Geothermal power is mostly concentrated in eastern Africa, but there are many fragmented spots of high intensity geothermal potential spread across the continent. [ Malin P.E (2001) Establishment of Geothermal Resource Center to Accelerate the Development of Eastern Africa ] There is enormous potential for geothermal energy in the Great Rift Valley which is roughly 3,700 miles in length and spans several countries in East Africa including Eritrea, Ethiopia, Djibouti, Kenya, Uganda, and Zambia.


The use of biomass fuels endangers biodiversity and risks further damaged or destruction to the landscape. 86% of Africa’s biomass energy is used in the sub-Saharan region, excluding South Africa. [Energy in Africa, Chapter 7, United States Energy Information Administration [] ] Even where other forms of energy are available, it is not harnessed and utilized efficiently, underscoring the need to promote energy efficiency where energy access is available. [ [ Building a Sustainable Energy Base (NEPAD Platform)] ]

There is, however, an urgent need to address the current levels of respiratory illness from burning biomass in the home. Taking into respect the cost differential between the biomass and fossil fuels, it is far more cost-effective to improve the technology used to burn the biomass than to use fossil fuels. [ [ Benefits of clean fuel in Africa would be enormous] , Kevin Myron, Harvard Gazette Archives]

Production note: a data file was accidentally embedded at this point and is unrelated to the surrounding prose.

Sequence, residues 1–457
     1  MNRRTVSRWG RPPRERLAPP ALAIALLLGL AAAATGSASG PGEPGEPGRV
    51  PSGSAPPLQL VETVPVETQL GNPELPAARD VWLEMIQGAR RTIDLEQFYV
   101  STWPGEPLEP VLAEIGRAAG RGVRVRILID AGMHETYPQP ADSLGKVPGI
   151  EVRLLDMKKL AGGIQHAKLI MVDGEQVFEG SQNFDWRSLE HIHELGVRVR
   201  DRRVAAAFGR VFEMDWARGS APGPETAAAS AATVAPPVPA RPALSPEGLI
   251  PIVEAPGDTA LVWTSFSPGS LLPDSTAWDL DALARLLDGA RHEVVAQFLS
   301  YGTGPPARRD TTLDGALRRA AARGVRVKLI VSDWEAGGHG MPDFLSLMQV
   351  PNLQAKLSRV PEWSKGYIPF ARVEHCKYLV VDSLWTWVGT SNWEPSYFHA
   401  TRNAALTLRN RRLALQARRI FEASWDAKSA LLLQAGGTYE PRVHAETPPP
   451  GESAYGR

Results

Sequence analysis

Horizontal integration potential

Solar and wind power are extremely scalable, as there are systems available from less than 1 watt to several megawatts. This makes it possible to initialize the electrification of a home or village with minimal initial capital. The also allows for dynamic and incremental scaling as load demands increases. The component configuration of a wind or solar installation also provides a level of functional redundancy, improving the reliability of the system. If a single panel in a multi panel solar array is damaged, the rest of the system continues functioning unimpeded. In a similar way, the failure of a single wind tower in a multi tower configuration does not cause a system level failure.

Because solar and wind projects produce power where it is used, they provide a safe, reliable and cost effective solution. Because transmission equipment is avoided, these systems are more secure, and less vulnerable to attack. [ [ Prospects for Distributed Electricity Generation] , Congressional Budget Office (2003)] This can be an important feature in regions prone to conflict. Wind and solar power systems are simple to set up, easy to operate, easy to repair, and durable. Wind resources and solar resource are abundant enough to provide all of the electrical energy requirements of rural populations, and this can be done in remote and otherwise fragmented low density areas that are impractical to address using conventional grid based systems. [ [ AN ENERGY MODEL FOR A LOW INCOME RURAL AFRICAN VILLAGE] , Howells M.I, et al. (2003)]